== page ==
Nutrition International and partners launch project to test new double-fortified salt product intended to reduce the risk of neural tube defects in Ethiopia
This project is a global first that will help to reduce the prevalence of neural tube defects as well as iodine deficiency disorders in Ethiopia.
Posted on June 15, 2022
Ottawa, CANADA – A new three-year project designed to kickstart the development and introduction of double-fortified salt with both iodine and folic acid (DFS-IoFA) into the Ethiopian marketplace has officially launched. Supported by a grant from the Bill & Melinda Gates Foundation, Nutrition International is collaborating with the Government of Ethiopia through the Ethiopian Public Health Institute, the Ethiopian Food and Drug Administration, and the Ministries of Health, Industry and Trade, as well as the University of Toronto, the University of California at Davis, and the International Federation for Spina Bifida and Hydrocephalus to develop, test and bring the product to market.
“This nutrition innovation is an important step forward on the path to eliminating micronutrient deficiencies in Ethiopia,” said Joel Spicer, President and CEO of Nutrition International. “Double-fortified salt has the potential to be an effective, sustainable, at-scale solution for reaching people with nutrients that are essential for their health. Preventing iodine deficiency disorders and neural tube defects in a single solution will be life-changing for mothers and their babies in particular, resulting in positive, long-term impacts on health, education and human capital.”
Ensuring that women have adequate folic acid intake before conception improves their nutritional status and reduces the risk of folate-deficiency anaemia, and can dramatically reduce the number of births affected by neural tube defects (NTDs) and significantly contribute to reducing neonatal and child mortality. NTDs are largely caused by maternal folate insufficiency in the first 28 days of pregnancy. The most common forms of these defects include spina bifida and anencephaly, which can result in early neonatal deaths, or long-term disabilities. The burden of care often falls on mothers or female caregivers, and results in financial distress and psychological pain and stigma – for the families and the affected child.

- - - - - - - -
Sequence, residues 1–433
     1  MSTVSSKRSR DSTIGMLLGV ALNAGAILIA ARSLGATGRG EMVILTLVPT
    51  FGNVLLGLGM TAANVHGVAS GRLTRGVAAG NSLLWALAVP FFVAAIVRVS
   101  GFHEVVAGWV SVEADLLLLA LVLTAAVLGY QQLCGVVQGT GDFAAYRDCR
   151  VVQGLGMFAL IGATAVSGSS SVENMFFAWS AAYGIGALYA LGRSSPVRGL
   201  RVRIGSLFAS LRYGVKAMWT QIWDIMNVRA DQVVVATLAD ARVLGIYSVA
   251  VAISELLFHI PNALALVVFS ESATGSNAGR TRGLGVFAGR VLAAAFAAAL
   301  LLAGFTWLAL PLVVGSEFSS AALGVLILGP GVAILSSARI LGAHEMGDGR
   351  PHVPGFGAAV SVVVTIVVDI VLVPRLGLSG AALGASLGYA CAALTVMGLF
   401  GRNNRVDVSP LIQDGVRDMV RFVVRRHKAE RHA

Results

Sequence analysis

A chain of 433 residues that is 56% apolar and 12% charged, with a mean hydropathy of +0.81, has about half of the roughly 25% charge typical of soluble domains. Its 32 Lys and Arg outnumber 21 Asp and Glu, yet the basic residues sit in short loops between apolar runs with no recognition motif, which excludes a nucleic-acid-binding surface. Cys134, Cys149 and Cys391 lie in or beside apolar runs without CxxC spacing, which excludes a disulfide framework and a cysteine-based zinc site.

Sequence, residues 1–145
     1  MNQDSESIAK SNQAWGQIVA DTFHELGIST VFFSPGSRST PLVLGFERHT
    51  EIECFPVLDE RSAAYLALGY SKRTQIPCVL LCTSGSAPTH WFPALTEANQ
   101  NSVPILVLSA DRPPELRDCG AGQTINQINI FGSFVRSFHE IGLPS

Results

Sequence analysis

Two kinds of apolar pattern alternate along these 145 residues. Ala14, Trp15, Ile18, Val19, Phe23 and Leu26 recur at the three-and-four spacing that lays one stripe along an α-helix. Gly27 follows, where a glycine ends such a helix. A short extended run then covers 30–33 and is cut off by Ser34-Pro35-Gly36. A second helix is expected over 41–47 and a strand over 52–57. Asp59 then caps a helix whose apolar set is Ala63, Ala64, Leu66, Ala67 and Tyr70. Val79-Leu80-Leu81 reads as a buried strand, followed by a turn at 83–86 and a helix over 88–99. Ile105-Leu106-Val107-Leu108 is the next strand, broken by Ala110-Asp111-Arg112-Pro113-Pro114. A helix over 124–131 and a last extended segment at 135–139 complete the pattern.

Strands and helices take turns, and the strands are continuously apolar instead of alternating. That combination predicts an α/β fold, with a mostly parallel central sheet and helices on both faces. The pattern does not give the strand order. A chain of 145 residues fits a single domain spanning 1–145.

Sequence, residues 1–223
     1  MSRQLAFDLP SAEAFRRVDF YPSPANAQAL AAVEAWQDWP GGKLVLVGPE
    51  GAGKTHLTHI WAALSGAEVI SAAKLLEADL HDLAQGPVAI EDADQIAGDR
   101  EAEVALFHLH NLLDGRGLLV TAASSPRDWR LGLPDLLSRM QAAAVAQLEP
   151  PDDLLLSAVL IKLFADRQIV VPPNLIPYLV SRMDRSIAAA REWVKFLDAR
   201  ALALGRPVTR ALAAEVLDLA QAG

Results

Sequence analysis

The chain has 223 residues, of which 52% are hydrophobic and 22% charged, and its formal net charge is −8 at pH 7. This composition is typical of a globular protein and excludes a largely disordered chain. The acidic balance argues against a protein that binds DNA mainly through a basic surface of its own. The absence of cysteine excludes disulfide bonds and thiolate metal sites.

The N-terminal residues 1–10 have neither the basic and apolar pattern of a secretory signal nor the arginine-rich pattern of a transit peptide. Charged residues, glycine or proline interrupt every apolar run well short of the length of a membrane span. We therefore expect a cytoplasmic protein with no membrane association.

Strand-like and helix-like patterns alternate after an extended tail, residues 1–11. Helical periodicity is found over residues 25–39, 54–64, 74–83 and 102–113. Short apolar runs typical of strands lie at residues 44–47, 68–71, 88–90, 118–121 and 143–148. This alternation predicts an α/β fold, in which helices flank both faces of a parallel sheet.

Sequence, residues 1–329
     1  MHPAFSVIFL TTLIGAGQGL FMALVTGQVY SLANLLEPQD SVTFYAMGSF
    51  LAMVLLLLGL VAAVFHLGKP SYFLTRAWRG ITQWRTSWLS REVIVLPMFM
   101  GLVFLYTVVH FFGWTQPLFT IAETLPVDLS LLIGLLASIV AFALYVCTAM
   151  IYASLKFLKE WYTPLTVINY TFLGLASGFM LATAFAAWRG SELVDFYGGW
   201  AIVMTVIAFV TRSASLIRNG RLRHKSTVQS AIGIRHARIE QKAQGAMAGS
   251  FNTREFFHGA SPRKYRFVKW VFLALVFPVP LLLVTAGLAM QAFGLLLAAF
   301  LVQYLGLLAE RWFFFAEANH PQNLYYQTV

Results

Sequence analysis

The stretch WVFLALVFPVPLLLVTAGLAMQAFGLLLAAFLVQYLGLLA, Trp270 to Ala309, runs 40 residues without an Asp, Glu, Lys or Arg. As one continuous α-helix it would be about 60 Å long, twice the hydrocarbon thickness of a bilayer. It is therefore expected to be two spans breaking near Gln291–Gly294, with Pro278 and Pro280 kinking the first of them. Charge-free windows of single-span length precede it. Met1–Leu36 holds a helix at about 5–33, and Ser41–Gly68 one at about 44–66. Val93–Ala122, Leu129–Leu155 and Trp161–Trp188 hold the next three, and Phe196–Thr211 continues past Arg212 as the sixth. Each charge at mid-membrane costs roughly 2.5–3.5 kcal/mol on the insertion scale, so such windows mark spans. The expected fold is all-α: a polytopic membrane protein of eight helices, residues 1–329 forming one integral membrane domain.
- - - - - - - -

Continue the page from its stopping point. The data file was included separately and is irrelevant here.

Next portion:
The Government of Ethiopia has committed to reducing the prevalence of NTDs in the country, which is more than eight times higher than other African nations. Few people in Ethiopia regularly eat enough foods that are rich in folate or vitamin B and, across the country, between 60-100% of women are folate insufficient – varying widely by region – resulting in a higher risk of pregnancy impacted by NTDs.
Iodized salt is one of the greatest public health achievements of the 20th century, helping to dramatically decrease global rates of iodine deficiency disorders (IDDs), including mental impairments and goitre. The Government of Ethiopia has mandated salt iodization since 2011 and adequately iodized salt currently reaches more than 90% of the population, reducing the prevalence of IDDs. This project will support the eventual move to replace all iodized salt in the country with DFS-IoFA.
Double-fortified salt with iodine and folic acid was developed in a laboratory setting at the University of Toronto more than 20 years ago, with support from Nutrition International. This project will will support the production of this formulation in Ethiopia using the same Central Iodization Facilities that were created to iodize salt mechanically – and test its acceptability and biological effect in the country’s population, engaging government institutions and salt producers in Ethiopia, and sharing findings with international organizations and other relevant stakeholders. The project will generate the evidence that consumption of DFS-IoFA can effectively improve folate status, to provide the information that will support decision-makers in formulating policy and regulations around its introduction and use, and the strategy to bring the product to market.
Nutrition International has been working in Ethiopia since 2005 and has been supporting the government’s salt iodization program for more than a decade.